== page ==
Venezuela post-election: Nicolás Maduro and opponent blame each other for violence


Venezuelan presidential candidate, Henrique Capriles, gestures during a campaign rally in Naguanagua, Carabobo state, Venezuela, on March 21, 2013.


Leo Ramirez

Venezuela's newly elected president Nicolás Maduro and his rival Henrique Capriles are accusing each other of  the post-election violence that  left seven people dead.

Capriles, Venezuela's opposition leader, called off a peaceful march by his supporters in Caracas because he says that  Maduro supporters planned to  infiltrate the rally. He had planned a march to demand a full vote recount.

"The illegitimate one and his government ordered that there be violence to avoid a vote count! They are the ones responsible,"  he announced

Venezuela's newly-elected president Nicolás Maduro has in turn taken to national television to blame Capriles for the violence.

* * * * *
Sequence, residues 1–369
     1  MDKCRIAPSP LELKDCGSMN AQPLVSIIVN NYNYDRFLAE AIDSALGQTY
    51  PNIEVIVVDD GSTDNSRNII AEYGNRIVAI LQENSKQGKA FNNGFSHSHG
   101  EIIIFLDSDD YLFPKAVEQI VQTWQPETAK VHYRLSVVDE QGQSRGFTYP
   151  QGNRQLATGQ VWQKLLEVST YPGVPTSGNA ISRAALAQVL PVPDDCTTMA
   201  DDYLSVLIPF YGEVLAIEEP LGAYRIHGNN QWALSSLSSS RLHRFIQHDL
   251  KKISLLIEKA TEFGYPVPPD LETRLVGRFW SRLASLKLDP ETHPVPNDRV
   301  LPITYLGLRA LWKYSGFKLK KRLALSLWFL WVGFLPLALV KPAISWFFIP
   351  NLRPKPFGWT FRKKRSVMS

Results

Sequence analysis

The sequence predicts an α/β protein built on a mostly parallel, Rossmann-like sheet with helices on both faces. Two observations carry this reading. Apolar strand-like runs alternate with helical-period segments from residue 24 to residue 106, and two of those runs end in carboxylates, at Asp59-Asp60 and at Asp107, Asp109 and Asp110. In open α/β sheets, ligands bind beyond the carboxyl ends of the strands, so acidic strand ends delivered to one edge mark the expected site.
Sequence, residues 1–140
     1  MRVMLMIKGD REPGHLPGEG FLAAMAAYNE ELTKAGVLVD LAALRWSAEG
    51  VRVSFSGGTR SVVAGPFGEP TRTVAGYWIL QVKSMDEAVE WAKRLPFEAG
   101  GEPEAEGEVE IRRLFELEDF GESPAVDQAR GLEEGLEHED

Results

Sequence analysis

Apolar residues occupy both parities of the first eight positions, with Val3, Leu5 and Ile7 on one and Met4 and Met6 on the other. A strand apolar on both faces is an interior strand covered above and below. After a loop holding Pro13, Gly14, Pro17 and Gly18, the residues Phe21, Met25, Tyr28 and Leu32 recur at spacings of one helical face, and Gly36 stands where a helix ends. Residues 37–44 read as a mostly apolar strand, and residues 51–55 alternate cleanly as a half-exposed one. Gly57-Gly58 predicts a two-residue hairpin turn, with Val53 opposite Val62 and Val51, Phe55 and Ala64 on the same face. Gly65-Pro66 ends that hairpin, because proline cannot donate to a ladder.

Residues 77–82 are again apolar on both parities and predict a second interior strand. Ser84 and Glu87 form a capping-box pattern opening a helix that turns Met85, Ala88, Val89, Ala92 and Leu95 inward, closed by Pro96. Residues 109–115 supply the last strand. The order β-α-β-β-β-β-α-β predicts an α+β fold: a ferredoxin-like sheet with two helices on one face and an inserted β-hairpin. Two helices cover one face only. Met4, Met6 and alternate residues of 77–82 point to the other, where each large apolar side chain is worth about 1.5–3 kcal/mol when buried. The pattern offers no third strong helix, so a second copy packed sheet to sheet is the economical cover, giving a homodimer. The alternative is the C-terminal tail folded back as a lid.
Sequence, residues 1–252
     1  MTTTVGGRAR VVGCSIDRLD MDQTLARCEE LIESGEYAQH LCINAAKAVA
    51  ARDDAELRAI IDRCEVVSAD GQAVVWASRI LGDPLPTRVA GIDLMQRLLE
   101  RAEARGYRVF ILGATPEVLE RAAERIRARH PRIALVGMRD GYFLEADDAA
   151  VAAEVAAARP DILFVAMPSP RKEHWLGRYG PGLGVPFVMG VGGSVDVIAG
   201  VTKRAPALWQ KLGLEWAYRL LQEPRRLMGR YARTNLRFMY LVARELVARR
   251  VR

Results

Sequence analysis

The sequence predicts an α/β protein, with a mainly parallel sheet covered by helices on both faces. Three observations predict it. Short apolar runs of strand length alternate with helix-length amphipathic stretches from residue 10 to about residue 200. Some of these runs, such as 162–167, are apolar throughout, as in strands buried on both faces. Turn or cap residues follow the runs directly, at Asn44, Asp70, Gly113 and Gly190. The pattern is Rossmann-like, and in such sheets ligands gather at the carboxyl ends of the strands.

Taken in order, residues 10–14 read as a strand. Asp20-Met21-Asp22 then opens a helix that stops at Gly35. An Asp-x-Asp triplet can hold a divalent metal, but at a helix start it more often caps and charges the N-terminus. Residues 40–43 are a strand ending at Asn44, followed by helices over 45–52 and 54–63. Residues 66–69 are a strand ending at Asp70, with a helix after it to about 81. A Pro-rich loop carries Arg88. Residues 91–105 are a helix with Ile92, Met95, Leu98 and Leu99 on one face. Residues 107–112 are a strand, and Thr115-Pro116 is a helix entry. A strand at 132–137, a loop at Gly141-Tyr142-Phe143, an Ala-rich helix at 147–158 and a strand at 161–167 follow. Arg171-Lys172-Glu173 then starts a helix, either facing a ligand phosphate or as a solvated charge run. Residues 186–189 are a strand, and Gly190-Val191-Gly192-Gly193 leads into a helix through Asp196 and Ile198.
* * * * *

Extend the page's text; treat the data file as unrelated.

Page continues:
More from GlobalPost:  Venezuela tumbles into bitter election aftermath

Maduro cut into regular television and radio programming three times with broadcasts shouting critiques at Capriles, comparing the opposition to Nazi Germany, among other extreme accusations.

“The march to the center of Caracas will not be permitted,” Maduro said in his first broadcast from a government-run health clinic,  the New York Times reported.

However, there is some evidence that Maduro supporters are in fact causing violence.  An Associated Press journalist witnessed  a pro-government gang toss a firebomb into an opposition party office, and three journalists from a local newspaper said they were put in jail overnight for interviewing families that had been harassed by a pro-government gang.